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COVID 19: MY ORAL HEALTH

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W ith recent emergence of novel virus COVID -19 pandemic, many dental offices across the country are closed down while some are already postponing non emergency dental treatment. Hence, it's more important to keep good oral health home care. HOME CARE FOR GOOD ORAL HEALTH Always wash your hands before and after any personal dental care. Brush twice daily with flouride containing toothpaste and medium textured tooth brush. Brush your tongue regularly. Check here Floss a day Eat a well - balanced diet for oral and general health well being. Include detergent food in your diet for cleansing and health oral cavity. Limit frequency of snacking Limit sugary drinks like soda and fruit juices which can be harmful to teeth surfaces. Drink plenty of water Avoid smoking Use of Mouth guard for contact sport

What your tongue is saying concerning your health.

A white tongue could be a sign of:


Oral thrush: a yeast infection that develops inside the mouth. It appears as white patches that are often the consistency of cottage cheese.

Oral thrush
Oral thrush is most commonly seen in infants and the elderly. Can also be presented in people with diabetes, weakened immune systems, denture wearers, those taking inhaled steroids for asthma or lung disease. Oral thrush is more likely to occur after you’ve taken antibiotics.



Leukoplakia: a condition in which the cells in the mouth grow excessively, which leads to white patches on the tongue and inside the mouth. Leukoplakia can develop when the tongue has been irritated.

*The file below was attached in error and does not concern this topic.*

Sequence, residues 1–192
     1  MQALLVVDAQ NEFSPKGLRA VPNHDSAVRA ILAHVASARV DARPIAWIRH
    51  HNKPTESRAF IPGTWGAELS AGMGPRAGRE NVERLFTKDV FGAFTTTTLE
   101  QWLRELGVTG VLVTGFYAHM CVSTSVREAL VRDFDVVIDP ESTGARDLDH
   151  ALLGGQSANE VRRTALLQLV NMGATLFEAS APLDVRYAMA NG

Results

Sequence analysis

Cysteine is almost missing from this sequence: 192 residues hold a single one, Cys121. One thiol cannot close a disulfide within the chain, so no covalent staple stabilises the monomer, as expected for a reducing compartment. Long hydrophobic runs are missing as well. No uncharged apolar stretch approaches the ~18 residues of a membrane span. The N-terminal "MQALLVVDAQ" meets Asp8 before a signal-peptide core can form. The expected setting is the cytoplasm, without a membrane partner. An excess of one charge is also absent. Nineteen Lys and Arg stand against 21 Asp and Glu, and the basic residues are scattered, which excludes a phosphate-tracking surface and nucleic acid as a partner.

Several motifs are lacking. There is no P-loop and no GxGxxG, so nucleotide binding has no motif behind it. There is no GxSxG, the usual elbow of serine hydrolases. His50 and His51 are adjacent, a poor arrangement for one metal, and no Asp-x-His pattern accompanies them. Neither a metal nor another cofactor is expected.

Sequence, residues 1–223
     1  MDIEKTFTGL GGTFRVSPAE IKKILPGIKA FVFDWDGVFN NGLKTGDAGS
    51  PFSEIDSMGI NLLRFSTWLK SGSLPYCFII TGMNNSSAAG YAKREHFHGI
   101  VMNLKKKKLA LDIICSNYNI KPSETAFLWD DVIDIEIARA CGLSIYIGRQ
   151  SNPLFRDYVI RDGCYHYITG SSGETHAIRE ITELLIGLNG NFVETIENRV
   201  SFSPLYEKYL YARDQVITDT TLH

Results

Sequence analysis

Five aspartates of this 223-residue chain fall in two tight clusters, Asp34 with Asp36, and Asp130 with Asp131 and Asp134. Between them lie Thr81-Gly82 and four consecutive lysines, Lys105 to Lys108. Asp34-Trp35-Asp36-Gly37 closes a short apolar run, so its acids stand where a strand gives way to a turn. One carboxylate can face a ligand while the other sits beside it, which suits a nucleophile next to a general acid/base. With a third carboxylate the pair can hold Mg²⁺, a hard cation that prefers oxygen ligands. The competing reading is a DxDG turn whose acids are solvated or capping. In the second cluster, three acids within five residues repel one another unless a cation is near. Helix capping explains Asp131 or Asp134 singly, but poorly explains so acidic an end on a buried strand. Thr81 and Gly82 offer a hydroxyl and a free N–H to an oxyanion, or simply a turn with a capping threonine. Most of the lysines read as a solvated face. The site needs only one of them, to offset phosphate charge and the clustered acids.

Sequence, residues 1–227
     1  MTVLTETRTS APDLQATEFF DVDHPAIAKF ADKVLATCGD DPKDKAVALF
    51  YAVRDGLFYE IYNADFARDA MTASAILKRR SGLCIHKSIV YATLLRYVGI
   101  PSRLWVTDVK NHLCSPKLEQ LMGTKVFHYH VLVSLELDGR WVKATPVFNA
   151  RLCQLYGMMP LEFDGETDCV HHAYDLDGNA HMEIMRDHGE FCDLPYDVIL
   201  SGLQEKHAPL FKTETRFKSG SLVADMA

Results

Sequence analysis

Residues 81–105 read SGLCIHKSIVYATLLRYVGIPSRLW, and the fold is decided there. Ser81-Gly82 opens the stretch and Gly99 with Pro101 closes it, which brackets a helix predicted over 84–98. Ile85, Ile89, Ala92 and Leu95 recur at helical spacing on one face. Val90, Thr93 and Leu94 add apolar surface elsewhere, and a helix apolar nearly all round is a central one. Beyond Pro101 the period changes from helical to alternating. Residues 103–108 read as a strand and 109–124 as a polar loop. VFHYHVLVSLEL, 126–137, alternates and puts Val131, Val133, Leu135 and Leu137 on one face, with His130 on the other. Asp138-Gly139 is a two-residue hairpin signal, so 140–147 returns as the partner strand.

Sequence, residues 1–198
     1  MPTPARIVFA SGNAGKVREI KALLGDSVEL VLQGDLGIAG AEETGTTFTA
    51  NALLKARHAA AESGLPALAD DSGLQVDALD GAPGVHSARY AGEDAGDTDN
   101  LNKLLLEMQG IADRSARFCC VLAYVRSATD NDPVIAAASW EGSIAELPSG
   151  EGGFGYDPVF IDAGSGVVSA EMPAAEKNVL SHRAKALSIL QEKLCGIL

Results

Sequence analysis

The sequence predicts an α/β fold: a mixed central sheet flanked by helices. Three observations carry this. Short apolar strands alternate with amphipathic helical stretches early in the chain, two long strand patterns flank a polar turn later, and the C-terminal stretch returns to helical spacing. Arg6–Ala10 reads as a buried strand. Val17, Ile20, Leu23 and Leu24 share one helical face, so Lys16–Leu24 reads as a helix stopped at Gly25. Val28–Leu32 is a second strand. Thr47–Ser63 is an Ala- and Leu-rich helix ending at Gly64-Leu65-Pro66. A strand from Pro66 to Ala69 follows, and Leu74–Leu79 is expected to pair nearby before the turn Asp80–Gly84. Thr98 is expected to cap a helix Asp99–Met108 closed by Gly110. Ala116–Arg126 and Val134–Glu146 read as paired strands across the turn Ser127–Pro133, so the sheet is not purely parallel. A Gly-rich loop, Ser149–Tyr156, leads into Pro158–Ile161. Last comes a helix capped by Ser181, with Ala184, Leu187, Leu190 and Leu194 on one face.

Leukoplakia
Leukoplakia can be a precursor to cancer, but isn’t inherently dangerous by itself. If you see what you think could be leukoplakia, contact your dentist for an evaluation.

Oral lichen planus: a network of raised white lines on your tongue those look similar to lace. 

A red tongue could be a sign of:

Vitamin deficiency: Folic acid and vitamin B-12 deficiencies may cause your tongue to take on a reddish appearance.


Geographic tongue:

Geographic tongue
This condition causes a map-like pattern of reddish spots to develop on the surface of your tongue. Geographic tongue is usually harmless.


Scarlet fever: an infection that causes the tongue to have a strawberry-like (red and bumpy) appearance. If you have a high fever and a red tongue, it most likely a scarlet fever.



Kawasaki disease: a condition that can also cause the tongue to have a strawberry-like appearance. It is seen in children under the age of 5 and is accompanied by a high fever.


If your tongue is black and hairy:


It’s most likely to occur in people who don’t practice good dental hygiene

Overgrowth of the tongue papillae harboring bacteria makes the papillae appear dark or black. People with diabetes, taking antibiotics or receiving chemotherapy may also develop a black hairy tongue.

Painful sore/bumps on your tongue can be due to:


Trauma: Accidentally biting your tongue or scalding it on something hot can result in a sore tongue until the damage heals.


Smoking: Smoking irritates your tongue, which can cause soreness.



Canker sores: Mouth ulcers. The cause is unknown, but stress is believed to be a factor. Canker sores normally heal without treatment within a week or two.



Oral cancer: A lump or sore on your tongue that doesn’t go away within two weeks could be an indication of oral cancer.


Watch your tongue!!!

Click to know how to Care for your tongue

Don’t hesitate to contact me for further clarification,
Dr. Odeyemi Kolade Project Smile 32 Senior facilitator 0806-9815-500

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